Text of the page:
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**RAJENDER PARSAD AND L.M. BHAR
**

Indian Agricultural Statistics Research Institute

Library Avenue, New Delhi - 110 012

lmb@iasri.res.in

1. Introduction

In many agricultural experiments, generally the data on more than one character is

observed. One common example is grain yield and straw yield. The other characters on

which the data is generally observed are the plant height, number of green leaves,

germination count, etc. The analysis is normally done only on the grain yield and the best

treatment is identified on the basis of this character alone. The straw yield is generally not

taken into account. If we see the system as a whole, the straw yield is also important either

for the cattle feed or for mulching or manuring, etc. Therefore, while analyzing the data,

the straw yield should also be taken into consideration. Similarly, in varietal trials also the

data is collected on several plant characteristics and quality parameters. In these

experimental situations also the data is generally analyzed separately for each of the

characters. The best treatment or genotype is identified separately for each of the

characters. In these situations, Multivariate Analysis of Variance (MANOVA) can be

helpful. Before discussing about MANOVA, a brief description about Analysis of

Variance (ANOVA) is given in Section 2. A general procedure of performing MANOVA

on the data generated from RCB design is given in Section 3. The procedure of

MANOVA has been illustrated with the help of an example in Section 4.

2. Overview of ANOVA

The ANOVA looks at the variance within classes relative to the overall variance. The

dependent variable must be metric, and the independent variables, which can be many,

must be nominal. ANOVA is used to uncover the main and interaction effects of

categorical independent variables (called "factors") on an interval dependent variable. A

main effect is the direct effect of an independent variable on the dependent variable. An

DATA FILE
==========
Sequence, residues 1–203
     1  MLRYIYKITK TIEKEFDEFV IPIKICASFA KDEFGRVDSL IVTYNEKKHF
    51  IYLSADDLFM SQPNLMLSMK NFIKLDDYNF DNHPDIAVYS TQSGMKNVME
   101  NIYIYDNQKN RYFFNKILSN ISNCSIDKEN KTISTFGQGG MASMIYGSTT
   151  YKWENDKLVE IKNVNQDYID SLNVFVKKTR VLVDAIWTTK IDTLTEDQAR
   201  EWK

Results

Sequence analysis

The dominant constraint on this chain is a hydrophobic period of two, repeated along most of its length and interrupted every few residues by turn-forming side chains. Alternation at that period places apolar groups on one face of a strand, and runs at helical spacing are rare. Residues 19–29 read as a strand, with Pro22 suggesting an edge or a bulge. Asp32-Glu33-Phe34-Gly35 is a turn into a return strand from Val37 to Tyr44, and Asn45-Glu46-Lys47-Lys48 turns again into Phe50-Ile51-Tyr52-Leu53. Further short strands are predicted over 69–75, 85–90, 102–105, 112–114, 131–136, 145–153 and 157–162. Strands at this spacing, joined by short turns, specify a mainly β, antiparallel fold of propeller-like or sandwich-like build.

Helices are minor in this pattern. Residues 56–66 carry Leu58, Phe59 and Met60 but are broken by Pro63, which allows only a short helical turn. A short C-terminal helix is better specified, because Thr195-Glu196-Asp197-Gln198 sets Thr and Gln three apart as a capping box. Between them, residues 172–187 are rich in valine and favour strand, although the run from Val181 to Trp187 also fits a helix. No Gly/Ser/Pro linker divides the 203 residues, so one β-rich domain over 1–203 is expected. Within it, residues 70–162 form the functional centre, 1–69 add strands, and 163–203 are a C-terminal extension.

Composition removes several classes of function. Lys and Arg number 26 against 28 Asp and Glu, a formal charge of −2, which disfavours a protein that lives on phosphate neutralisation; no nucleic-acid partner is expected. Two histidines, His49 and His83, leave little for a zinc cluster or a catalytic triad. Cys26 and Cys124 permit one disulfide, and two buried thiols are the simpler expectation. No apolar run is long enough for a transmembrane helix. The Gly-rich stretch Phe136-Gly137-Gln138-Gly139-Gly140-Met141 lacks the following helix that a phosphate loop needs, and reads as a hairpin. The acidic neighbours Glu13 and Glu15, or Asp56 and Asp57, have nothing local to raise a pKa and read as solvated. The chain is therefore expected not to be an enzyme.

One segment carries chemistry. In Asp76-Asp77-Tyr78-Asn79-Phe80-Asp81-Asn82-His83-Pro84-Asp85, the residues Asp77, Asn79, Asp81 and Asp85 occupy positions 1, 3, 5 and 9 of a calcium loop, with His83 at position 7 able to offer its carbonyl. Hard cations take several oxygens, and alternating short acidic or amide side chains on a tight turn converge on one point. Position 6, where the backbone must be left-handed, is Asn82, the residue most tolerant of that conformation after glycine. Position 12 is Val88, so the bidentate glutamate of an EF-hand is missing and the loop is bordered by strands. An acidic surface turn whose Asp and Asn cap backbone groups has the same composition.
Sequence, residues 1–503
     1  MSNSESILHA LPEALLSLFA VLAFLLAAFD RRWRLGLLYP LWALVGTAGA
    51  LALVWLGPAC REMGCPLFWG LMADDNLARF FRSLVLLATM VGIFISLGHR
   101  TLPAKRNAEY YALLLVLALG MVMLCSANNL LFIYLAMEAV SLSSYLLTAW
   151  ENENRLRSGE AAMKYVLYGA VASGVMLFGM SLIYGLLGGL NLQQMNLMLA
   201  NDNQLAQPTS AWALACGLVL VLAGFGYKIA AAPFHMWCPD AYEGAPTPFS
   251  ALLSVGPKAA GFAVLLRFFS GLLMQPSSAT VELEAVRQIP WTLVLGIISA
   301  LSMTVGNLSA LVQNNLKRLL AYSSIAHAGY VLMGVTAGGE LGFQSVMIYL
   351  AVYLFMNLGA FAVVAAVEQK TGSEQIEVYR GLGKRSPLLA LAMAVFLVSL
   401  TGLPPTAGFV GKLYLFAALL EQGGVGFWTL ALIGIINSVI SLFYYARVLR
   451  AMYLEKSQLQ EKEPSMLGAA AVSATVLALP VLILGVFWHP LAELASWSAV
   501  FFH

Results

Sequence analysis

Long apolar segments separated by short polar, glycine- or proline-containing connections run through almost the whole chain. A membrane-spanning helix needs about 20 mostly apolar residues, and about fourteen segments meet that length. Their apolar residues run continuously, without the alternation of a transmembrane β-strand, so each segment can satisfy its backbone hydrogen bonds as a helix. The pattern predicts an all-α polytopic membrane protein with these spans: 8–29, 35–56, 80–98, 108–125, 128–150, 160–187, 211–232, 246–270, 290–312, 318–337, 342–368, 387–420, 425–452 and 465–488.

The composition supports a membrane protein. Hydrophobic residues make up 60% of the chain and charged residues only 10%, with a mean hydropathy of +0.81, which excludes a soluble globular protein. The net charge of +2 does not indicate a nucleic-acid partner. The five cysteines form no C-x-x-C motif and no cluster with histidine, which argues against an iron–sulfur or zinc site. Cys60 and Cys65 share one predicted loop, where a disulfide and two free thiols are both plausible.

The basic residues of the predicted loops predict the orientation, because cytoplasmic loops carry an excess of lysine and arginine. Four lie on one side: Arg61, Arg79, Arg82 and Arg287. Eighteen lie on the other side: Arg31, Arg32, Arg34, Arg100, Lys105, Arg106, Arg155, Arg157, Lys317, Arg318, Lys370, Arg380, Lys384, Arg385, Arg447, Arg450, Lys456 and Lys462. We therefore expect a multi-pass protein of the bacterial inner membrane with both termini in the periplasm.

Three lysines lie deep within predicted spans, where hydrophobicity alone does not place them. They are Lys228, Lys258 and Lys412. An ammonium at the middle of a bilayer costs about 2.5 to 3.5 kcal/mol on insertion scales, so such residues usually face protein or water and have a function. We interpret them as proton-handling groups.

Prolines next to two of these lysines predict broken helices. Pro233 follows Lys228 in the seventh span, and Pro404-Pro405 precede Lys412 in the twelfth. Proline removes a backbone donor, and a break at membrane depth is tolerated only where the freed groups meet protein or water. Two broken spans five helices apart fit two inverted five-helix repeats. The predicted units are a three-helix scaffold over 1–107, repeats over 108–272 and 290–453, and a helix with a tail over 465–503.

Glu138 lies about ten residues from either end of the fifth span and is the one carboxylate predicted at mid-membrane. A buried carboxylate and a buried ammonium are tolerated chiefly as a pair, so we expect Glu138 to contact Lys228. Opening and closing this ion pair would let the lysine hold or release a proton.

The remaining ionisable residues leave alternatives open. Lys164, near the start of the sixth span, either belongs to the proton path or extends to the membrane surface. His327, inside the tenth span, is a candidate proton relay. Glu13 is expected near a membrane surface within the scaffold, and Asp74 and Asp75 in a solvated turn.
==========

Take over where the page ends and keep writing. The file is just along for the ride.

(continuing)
interaction effect is the joint effect of two or more independent variables on the dependent

variable. Whereas regression models cannot handle interaction unless explicit

crossproduct interaction terms are added, ANOVA uncovers interaction effects on a built-

in basis.

The key statistic in ANOVA is the F-test of difference of group means, testing if the

means of the groups formed by values of the independent variable (or combinations of

values for multiple independent variables) are different enough not to have occurred by

chance. If the group means do not differ significantly then it is inferred that the

independent variable(s) did not have an effect on the dependent variable. If the F test

shows that overall the independent variable(s) is (are) related to the dependent variable,

then multiple comparison tests of significance are used to explore just which values of the

independent(s) have the most to do with the relationship.

3. Multivariate Analysis of Variance

Why do MANOVA, when one can get also much more information by doing a series of

ANOVAs? Even if all our dependent variables are completely independent of one another,

MANOVA

2

when we do lots of tests like that, error inflates. But in many ecological or biological

studies, the variables are not independent at all. Many times they have strong actual or

potential interactions, inflating the error even more highly. In many cases where multiple

ANOVAs were done, MANOVA was actually the more appropriate test.

Consider an experiment conducted to compare v treatments using a randomized complete

block (RCB) design with r replications and the data is collected on p-variables. Let

ijk

y denote the observed value of the k

th

response variable for the i

th

treatment in the j

th

replication p ,..., 2 , 1 k ; r ..., , 2 , 1 j ; v ,..., 2 , 1 i = = = . The data is rearranged as follows:

← ←← ← Replications → →→ →

Treatments

↓ ↓↓ ↓

1 2

…

j

…

r Treatment

Mean ↓ ↓↓ ↓

1 y

11

y

12

…

y

1j

…

y

1r

. 1

y

2 y

21

y

22

…

y

2j

…

y